More or less detailed information on how 3D secure works can be found in the respective Paylosophy article. Here we’d like to remind, that 3D secure protection mechanism redirects the cardholder from the shopping cart application to the bank’s web-site, where he is required to input some additional confirmation of his identity (usually, some confirmation code or password).

Some Canadian providers are using a special online service, similar to 3D secure. A cardholder, paying for products or services online with his debit card, is automatically redirected to the web-site of the aforementioned online service, where he is required to input additional information, confirming his identity.


If you are planning your first integration in Canada, it is important to understand, that, even if you have the experience of conducting integrations in the US, in Canada your integrations will be a bit more complicated, due to additional Interac logic. Particularly, this means that an EMV payment application, developed in the US, would still require quite significant adjustments to be able to support Interac in Canada, because Interac, in its turn, requires the special logic, depending on specific terminal hardware. If you are ordering test terminals to do your integrations, make sure, that they are injected not only with a PIN key, but with the MAC key, needed for integration with Interac.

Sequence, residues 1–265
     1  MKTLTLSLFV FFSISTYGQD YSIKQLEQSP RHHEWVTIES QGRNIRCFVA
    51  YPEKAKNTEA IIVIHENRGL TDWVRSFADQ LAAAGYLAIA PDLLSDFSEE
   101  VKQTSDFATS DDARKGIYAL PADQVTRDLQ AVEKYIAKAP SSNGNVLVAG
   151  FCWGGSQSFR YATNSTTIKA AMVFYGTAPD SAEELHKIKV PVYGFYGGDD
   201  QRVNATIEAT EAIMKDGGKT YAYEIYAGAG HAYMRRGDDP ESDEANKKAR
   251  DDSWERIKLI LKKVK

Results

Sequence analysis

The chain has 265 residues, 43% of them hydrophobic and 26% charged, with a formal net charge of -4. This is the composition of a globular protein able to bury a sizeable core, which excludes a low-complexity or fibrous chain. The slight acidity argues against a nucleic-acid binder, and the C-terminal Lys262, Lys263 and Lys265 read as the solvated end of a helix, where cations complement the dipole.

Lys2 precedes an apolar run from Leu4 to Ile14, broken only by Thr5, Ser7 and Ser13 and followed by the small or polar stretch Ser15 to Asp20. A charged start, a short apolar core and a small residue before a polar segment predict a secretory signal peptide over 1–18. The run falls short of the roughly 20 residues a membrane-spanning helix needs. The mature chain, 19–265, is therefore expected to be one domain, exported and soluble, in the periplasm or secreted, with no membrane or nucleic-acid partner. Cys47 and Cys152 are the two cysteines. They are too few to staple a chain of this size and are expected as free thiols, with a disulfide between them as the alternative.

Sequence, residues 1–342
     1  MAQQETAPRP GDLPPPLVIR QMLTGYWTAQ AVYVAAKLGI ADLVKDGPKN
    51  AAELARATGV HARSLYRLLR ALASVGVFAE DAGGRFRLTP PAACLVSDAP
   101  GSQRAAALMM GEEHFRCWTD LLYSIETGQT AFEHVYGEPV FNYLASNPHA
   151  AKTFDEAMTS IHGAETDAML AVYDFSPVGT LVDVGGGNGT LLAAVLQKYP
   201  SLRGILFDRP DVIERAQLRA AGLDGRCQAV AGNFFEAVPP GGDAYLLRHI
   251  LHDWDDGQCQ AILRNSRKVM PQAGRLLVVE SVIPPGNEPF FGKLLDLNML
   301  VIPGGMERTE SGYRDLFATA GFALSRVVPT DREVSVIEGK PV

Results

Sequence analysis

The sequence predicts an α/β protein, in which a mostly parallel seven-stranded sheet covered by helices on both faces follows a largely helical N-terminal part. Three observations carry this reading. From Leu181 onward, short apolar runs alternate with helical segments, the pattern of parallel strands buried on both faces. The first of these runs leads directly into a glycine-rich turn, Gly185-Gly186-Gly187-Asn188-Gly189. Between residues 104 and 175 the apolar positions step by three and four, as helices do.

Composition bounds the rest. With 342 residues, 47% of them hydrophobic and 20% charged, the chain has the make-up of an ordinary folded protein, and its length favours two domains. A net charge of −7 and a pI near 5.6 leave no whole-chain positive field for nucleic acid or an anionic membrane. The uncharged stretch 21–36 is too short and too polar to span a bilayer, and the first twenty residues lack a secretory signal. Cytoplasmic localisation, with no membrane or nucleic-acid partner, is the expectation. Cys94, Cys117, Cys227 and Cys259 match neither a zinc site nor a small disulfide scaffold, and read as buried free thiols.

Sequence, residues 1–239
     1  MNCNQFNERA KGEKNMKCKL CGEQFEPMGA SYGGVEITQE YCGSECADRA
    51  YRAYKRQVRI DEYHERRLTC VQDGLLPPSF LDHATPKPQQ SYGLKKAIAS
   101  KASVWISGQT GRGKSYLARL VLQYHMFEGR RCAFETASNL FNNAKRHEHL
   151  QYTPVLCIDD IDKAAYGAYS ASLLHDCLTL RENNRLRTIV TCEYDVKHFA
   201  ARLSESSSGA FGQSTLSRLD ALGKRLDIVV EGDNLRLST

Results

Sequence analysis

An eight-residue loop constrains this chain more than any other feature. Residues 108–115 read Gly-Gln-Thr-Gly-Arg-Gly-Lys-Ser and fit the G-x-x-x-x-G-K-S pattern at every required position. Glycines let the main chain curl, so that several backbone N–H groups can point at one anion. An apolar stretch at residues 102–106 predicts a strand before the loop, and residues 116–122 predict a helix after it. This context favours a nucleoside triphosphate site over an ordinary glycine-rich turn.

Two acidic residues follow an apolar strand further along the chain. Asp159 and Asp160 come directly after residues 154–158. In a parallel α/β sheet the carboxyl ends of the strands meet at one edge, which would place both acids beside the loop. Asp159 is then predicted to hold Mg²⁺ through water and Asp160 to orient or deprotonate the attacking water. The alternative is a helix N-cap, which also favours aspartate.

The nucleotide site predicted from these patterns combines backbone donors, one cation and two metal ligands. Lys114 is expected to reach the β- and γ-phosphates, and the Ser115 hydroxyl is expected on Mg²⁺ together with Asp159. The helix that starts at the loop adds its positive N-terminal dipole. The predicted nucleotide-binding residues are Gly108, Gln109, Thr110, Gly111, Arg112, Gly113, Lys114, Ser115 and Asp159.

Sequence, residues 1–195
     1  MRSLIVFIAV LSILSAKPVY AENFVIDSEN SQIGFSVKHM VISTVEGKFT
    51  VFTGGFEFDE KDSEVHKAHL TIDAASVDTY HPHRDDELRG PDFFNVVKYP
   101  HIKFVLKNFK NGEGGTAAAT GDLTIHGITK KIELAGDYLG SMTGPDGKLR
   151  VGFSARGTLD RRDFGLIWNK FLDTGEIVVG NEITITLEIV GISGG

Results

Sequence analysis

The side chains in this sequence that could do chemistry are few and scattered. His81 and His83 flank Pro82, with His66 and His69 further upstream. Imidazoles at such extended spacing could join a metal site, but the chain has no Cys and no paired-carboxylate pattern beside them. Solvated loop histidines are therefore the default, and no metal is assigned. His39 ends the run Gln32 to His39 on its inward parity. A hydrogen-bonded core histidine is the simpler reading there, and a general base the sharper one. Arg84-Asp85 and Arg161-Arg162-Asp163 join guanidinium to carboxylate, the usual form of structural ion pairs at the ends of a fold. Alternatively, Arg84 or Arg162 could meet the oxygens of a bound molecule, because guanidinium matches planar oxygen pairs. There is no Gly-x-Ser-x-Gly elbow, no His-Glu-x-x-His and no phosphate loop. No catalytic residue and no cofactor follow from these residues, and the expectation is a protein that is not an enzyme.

Internet-acquiring and Omni-channel Payment Platforms

If you are an online business looking for a processing center to partner with, this article is for you. In it we will explain the benefits of a payment platform, specializing on internet-acquiring, as a potential partner for online businesses. The purpose of this article is to clarify the main criteria to be used as guidance when selecting a processing partner; it is designed for online businesses in search of a processor, or online businesses trying to get merchant accounts.